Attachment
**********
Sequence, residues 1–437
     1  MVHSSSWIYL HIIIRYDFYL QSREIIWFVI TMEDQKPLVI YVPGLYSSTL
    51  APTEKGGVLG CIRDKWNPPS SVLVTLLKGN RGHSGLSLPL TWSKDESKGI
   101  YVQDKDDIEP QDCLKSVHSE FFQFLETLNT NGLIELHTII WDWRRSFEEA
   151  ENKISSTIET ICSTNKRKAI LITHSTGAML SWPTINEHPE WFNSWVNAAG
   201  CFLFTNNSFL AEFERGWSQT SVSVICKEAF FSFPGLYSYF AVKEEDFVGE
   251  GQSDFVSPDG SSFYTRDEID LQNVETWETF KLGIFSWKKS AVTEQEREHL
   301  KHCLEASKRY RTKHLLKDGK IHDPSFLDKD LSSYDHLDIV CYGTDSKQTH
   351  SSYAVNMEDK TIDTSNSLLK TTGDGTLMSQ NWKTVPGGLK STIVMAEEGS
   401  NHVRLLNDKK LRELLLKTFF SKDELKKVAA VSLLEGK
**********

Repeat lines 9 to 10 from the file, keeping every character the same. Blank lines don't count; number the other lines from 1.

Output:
   351  SSYAVNMEDK TIDTSNSLLK TTGDGTLMSQ NWKTVPGGLK STIVMAEEGS
   401  NHVRLLNDKK LRELLLKTFF SKDELKKVAA VSLLEGK